Over the weekend, two senior officials were suspended from the debt-laden Vietnam Shipbuilding Industry Group, or Vinashin.
The decision came less than a month after the chairman of one of Vietnam's largest state-owned companies was arrested in the midst of a criminal investigation.
Tran Quang Vu and Tran Van Liem were suspended from the board, the government spokesman Nguyen Xuan Phuc announced in a release issued on August 29.
The decision was signed by Deputy Prime Minister Nguyen Sinh Hung on August 27 and cited the ongoing "inspection into Vinashin's past operations," as the only reason for the two men's temporary removal.
Phuc said that Prime Minister Nguyen Tan Dung had requested that the company suspend Vu from his post. Vu served as General Director of the Nam Trieu Shipbuilding Industry Corporation, a Vinashin affiliate, before being promoted to his short-lived CEO position on July 1.
On August 30, Vinashin announced the appointment of Nguyen Quoc Anh, Vinashin's former chief business director, to be the company's new CEO.
The suspensions occurred less than a month after police arrested Vinashin chairman Pham Thanh Binh and charged him with reckless mismanagement. Investigators alleged that Vinashin racked up debts totaling VND86 trillion (US$4.5 billion) on Binh's watch.
The 57-year-old company head, who also held the CEO post prior to his arrest, is under investigation for "intentionally violating regulations on economic management that have resulted in serious consequences," according to a government press release.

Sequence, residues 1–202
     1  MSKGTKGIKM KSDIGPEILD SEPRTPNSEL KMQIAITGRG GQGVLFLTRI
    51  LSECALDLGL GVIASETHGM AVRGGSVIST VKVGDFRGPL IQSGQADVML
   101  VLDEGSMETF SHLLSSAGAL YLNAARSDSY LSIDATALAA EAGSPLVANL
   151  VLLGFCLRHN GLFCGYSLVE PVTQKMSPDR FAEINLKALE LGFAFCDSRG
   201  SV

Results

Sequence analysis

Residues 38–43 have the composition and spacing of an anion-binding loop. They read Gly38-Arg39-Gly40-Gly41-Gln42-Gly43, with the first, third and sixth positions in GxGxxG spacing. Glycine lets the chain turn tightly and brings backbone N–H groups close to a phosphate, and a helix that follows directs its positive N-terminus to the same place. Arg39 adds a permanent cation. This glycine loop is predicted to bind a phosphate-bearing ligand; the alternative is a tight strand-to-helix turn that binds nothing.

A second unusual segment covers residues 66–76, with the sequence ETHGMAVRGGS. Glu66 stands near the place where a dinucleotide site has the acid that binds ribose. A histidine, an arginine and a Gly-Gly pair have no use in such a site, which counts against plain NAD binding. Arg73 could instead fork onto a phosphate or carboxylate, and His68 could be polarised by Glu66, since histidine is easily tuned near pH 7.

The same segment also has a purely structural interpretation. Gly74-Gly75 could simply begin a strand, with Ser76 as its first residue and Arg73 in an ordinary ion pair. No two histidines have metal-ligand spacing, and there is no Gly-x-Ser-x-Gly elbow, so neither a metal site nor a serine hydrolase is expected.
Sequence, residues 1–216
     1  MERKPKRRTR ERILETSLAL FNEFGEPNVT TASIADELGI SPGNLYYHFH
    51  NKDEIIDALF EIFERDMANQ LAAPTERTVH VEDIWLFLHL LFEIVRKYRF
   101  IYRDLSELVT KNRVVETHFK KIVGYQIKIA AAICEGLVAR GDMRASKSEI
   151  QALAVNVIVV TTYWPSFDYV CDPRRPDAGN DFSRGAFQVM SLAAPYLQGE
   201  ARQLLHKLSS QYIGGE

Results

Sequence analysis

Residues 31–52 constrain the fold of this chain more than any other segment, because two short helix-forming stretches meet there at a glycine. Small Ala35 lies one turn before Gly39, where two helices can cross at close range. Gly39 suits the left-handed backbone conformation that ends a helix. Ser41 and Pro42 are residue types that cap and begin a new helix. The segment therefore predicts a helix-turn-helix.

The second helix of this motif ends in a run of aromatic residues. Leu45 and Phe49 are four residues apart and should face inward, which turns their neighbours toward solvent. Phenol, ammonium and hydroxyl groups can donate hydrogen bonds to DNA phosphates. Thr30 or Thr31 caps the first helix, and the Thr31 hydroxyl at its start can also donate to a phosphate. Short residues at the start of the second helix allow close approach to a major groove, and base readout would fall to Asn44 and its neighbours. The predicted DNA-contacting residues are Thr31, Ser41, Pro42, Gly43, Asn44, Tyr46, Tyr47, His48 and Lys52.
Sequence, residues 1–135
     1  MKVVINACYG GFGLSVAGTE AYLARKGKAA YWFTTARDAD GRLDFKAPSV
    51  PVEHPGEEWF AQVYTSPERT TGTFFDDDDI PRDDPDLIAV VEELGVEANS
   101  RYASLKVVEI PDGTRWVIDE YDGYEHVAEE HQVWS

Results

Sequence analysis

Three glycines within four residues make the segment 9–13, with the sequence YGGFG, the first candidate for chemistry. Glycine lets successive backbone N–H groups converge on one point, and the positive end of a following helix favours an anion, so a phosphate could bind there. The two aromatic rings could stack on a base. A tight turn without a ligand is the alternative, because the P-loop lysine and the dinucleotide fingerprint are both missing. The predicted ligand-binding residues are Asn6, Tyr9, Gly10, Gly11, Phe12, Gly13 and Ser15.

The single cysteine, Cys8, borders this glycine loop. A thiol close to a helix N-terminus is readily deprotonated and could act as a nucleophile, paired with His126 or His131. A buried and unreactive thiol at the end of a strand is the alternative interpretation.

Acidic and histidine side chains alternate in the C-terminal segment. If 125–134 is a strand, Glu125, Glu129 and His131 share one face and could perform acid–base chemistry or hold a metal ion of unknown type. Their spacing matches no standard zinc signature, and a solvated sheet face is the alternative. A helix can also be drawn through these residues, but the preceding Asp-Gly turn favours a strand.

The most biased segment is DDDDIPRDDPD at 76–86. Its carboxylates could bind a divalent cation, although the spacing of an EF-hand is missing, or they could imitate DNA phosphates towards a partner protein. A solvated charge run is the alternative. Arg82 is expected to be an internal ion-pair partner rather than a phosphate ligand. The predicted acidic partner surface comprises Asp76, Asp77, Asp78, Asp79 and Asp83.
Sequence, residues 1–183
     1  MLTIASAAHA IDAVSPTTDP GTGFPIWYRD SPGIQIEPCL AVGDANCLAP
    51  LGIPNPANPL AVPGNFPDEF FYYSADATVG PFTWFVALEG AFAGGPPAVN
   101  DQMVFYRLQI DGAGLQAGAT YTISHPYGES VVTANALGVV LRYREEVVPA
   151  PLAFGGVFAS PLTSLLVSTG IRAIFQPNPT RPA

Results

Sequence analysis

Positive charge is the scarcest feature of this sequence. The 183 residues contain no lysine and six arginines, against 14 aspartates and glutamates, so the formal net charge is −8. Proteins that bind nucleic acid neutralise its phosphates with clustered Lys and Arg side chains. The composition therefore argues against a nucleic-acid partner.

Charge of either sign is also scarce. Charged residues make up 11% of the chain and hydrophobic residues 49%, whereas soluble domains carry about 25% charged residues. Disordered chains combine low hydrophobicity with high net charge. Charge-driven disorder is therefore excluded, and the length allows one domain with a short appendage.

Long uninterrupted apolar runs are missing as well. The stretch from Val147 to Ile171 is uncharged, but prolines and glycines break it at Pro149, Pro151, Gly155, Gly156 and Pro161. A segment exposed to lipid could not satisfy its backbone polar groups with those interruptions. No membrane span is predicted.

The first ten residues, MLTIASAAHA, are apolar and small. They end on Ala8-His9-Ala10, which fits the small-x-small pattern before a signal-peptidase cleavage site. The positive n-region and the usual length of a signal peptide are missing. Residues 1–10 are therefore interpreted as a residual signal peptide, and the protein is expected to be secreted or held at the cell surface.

Binh, a shipbuilding engineer from the northern port of Hai Phong City, became Vinashin's general director in 1996 and chairman in 1998. He has served as chief of the group's Party Unit since 2003.
Since Binh's arrest, the government has pledged to ensure that Vinashin finishes its ongoing projects.
On August 14, Deputy Prime Minister Nguyen Sinh Hung said that local banks have worked with Vinashin to develop a shipbuilding industry and must ensure that the company follows through on its commitments.
"Now that the industry faces difficulties, banks should continue to cooperate with the shipbuilding firms to complete the construction of unfinished ships," he said in a statement. "Ships have to be finished and sold so that the debts can be repaid."
Hung was assigned to oversee the restructuring process on August 13.